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Old 08-05-2022, 09:55 AM   #41
City: Newport, R.I.
Vessel Name: Hippocampus
Vessel Model: Nordic Tug 42
Join Date: Jul 2020
Posts: 2,162
Yup you’re right and Maine isn’t “down east”
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Old 08-05-2022, 04:30 PM   #42
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City: Walkabout Creek
Join Date: Jan 2013
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Originally Posted by mcarthur View Post
@twisted, can you provide some evidence that "running a generator (say 30 kW) for a couple hours" "consumes MORE fuel and generates MORE byproducts vs running 8 hrs on a diesel"?

While there is an increasing use of DC diesel gensets in the increasing hybrid market, and their marketing is for "eco", it may not be the case so I'm keeping eyes and ears open to evidence one way or the other...

I posted about this in either this thread or another similar one a few days ago. Just look at an "energy equation" for the power system.

You want to run the boat for a certain distance at a certain speed, and that will require some amount of prop shaft energy. Let's say it's 200kwh. I'll do everything in kwh, just for simplification.

With a conventional drive you will put fuel into a diesel engine to produce 200kwh of shaft output power to make that run. To continue to keep the numbers round, let's say the diesel is 25% efficient, so it will take 800kwh of fuel.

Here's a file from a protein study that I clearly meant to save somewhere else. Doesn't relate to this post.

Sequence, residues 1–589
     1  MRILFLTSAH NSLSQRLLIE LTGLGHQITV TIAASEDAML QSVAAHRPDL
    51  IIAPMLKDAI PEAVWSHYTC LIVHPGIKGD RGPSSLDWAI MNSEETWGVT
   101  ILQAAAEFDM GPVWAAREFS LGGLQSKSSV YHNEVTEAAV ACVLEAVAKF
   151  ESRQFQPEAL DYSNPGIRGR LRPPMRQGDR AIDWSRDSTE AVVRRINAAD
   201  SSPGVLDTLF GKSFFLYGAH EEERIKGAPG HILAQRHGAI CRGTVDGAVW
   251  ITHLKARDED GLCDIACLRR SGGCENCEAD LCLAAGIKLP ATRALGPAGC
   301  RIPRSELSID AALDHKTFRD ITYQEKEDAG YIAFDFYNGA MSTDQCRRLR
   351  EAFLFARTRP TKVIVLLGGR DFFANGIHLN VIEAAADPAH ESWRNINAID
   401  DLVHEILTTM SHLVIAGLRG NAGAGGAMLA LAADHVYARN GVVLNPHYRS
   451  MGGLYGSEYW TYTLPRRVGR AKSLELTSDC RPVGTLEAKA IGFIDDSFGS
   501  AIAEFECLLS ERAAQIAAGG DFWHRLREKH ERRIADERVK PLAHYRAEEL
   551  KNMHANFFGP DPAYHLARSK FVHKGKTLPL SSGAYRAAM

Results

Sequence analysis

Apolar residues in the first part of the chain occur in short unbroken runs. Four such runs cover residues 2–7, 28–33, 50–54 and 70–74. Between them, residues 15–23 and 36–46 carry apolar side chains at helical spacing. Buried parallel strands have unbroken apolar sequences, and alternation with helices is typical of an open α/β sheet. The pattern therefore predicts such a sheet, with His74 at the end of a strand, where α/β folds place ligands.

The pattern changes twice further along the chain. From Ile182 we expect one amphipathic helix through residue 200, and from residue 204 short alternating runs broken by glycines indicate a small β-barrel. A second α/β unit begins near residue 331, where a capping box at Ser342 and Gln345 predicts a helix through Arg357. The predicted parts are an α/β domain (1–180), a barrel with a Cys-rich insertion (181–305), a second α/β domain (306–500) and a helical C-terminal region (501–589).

Now use a hybrid drive as you described. You still need the same 200kwh of prop shaft energy, and that will be driven by an electric motor drawing from batteries. Let's assume very efficient motor drive electronics and a very efficient motor, so 90% efficient combined. That's probably unrealistic, but we will give it the benefit of doubt. That means you need 220kwh of energy coming out of the battery to power the drive motor.

Now the battery and charge electronics have losses too, but again we will assume the very best chargers and highly efficient LFP batteries, so another 90%. Now we need 250 kwh (rounding a bit) of energy powering the chargers.

We then power those chargers with a diesel engine driving a generator head. Again, being generous, let's say the generator head is 90% efficient. That means we now need 275 kwh of shaft power from the diesel to produce that energy. That diesel engine is also 25% efficient, so we need 1100 kwh of fuel to move the boat the same distance distance and speed.

The result is a much more complicated, much more expensive system that consumes 37% more fuel to do the same work. It's a lose-lose-lose.

Now someone has already mentioned that you might be able to run the generator engine at a more efficient power point vs the propulsion engine, and regain some efficiency. Maybe, but the available gains are very limited. Any reasonable diesel operated within it's normal power range, say 20% to 80% load, will have a VERY flat energy/liter of fuel prower production curve. It's standardized as the Brake Specific Fuel Consumption, or BSFC. My engine has at most a 10% variation, so let's say that instead of 25% efficiency, the generator is 10% better so operates at 27.5% efficiency. That brings the generator fuel consumption down to 1000 kwh, which is still 25% more than a direct drive.

Key to remember is that fuel consumption is very little about the size of the engine or how long you run it, and almost entirely about how much power output you actually draw out of the engine.
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